By Prakhar Singh
It was a bright hot day in March, and the clocks were striking twelve. The lower house of the Parliament was bustling with joy in the midst of chaos. Some were joyful because of the result of bye-election in Yogi’s bastion, Gorakhpur, while others (TDP) were whining about the wrongs that the regime had inflicted on them. Little did they know that the ‘Big Brother’ had secretly planned to bulldoze the entire budget within the next few minutes.
On Wednesday morning at 12:06 PM, the Finance Bill, 2018 was moved for consideration. This 92-page bill with 218 clauses dealt with taxation modifications in the country, money laundry act, fiscal responsibility and political donations among other important financial aspects. Ideally, a process which should go on for days was instead sidelined, and the entire bill was passed by 12:33 PM. Let this sink in! 27 minutes was all it took for the government to decide the fate of more than 120 crore Indians.
This is not an exaggeration by any means. The Finance Bill of the country primarily lays down the rules by which the taxation policy is governed. It is imperative for the government to deliberate and discuss on such matters. We, as citizens, have sent our elected representatives to the Parliament as our mouthpieces. The Members of Parliament are our lone voices, and it is the onus of the government to hear them out. Unfortunately, none of it happened.
Speaker’s role in the session
The Speaker, at least on paper, is supposed to be the guardian of the Parliamentary Democracy in the house. The former Prime Minister, Jawaharlal Nehru had very well enunciated the Speaker’s role: “The Speaker represents the House. He/she represents the dignity of the House, the freedom of the House, and because the House represents the nation, in a particular way, the Speaker becomes a symbol of the nation’s freedom and liberty. Therefore, that should be an honoured position. A free position and should be occupied always by persons of outstanding ability and impartiality.”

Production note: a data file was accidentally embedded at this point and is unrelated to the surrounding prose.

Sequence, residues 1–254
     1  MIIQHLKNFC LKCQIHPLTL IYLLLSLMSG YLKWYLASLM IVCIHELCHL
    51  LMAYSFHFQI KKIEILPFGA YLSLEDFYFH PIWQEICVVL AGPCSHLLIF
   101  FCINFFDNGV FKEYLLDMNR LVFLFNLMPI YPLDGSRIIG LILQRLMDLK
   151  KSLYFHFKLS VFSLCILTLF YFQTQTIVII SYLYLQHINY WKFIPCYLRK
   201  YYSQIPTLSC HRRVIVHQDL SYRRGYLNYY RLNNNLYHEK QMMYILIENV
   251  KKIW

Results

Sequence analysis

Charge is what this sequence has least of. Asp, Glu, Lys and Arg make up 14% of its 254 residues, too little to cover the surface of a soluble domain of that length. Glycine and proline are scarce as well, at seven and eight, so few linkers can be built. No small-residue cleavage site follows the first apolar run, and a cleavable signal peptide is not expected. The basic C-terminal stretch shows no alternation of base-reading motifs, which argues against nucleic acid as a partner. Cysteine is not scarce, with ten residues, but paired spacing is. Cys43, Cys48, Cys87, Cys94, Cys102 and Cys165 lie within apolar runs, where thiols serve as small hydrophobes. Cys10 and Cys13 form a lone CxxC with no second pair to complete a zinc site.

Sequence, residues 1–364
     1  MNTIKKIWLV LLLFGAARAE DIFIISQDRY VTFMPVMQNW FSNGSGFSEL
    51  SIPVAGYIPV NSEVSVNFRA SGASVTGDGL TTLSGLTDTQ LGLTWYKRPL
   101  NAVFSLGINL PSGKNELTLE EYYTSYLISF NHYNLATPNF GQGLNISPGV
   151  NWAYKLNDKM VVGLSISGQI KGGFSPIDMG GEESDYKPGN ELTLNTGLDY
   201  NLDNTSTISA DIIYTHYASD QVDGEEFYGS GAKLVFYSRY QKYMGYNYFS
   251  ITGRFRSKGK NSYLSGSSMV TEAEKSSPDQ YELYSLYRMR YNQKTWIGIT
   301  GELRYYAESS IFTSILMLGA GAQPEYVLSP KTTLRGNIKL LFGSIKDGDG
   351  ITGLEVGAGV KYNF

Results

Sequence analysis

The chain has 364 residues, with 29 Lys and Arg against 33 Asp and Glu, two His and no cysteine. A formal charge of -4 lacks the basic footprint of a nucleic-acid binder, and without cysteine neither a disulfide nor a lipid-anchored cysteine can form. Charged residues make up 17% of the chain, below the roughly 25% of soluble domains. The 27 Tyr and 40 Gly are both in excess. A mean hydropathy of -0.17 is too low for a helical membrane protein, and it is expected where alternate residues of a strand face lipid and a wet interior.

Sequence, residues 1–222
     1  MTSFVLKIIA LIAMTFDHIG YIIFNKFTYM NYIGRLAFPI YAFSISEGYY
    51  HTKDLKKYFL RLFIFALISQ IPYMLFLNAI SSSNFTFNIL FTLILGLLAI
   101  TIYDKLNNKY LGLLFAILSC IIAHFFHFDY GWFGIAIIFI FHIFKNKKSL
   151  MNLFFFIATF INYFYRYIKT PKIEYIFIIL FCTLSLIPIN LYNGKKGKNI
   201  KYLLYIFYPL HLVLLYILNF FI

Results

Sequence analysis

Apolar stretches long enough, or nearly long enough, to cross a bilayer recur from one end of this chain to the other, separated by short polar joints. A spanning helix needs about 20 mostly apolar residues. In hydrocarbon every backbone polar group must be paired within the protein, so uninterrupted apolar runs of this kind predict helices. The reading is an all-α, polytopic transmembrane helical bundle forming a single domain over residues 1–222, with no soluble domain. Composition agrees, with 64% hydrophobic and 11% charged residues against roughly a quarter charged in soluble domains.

However, anyone who will see the proceedings of the Lok Sabha on the day the budget was being passed, will observe that the voice of the veteran politician Shrimati Sumitra Mahajan, was far from free. All the cut motions which are essentially there to oppose specific clauses in the finance bill were moved together by the speaker and thereafter negated by the brute majority of the NDA.
The speed with which the speaker was rushing through different clauses of the bill was terrifying. One could clearly hear the voices of opposition MPs, screaming their lungs out, “Loktantra ki hatya band karo”.
Setting a rare and an unfortunate precedent, the speaker went ahead with the decision to pass all 99 demand for grants from different ministries under the process called ‘Guillotine’, which essentially means putting each demand to vote, at once, without any discussion. Just to put things in perspective, in the last one and a half decade, a 100 percent guillotine has happened only twice.
The Finance Bill and need for a debate
Apart from the changes in taxation and other important financial aspects, this year’s finance bill included a shady clause which raised suspicion on the intent of the government.
Clause 217 of the Finance Bill, 2018 seeks to amend Section 236 of the Finance Act, 2016 by amending the Foreign Contribution (Regulation) Act, 2010. The amendment by substituting “26th September 2010” in the FCRA Act with “5th August 1976”, retrospectively, legalizes all the foreign funding to political parties for over 42 years since 1976.
This is important because a bunch of corrupt individuals masquerading as honest politicians, have time and again tricked the citizens of India into believing that they are the change agents. They are here to revamp the system by making it more accountable and transparent. Among other things, political donations and funding have become convoluted and opaque in the present regime which rose to power by promising just the opposite.
Is authoritarianism really on the rise?
George Orwell wrote one of the most brilliant satires on authoritarianism, ‘1984’. Following is an excerpt from the same book which fits into the present narrative perfectly:
“Now I will tell you the answer to my question. It is this. The Party seeks power entirely for its own sake. We are not interested in the good of others; we are interested solely in power, pure power. What pure power means you will understand presently. We know that no one ever seizes power with the intention of relinquishing it. Power is not a means; it is an end. One does not establish a dictatorship in order to safeguard a revolution; one makes the revolution in order to establish the dictatorship. The object of persecution is persecution. The object of torture is torture. The object of power is power. Now you begin to understand me.”
India is the largest democracy in the world. In the face of rising intolerance around the world, it is important that each and every one of us upholds India’s democratic values. For this, we need to make India’s decisionmakers more accountable.
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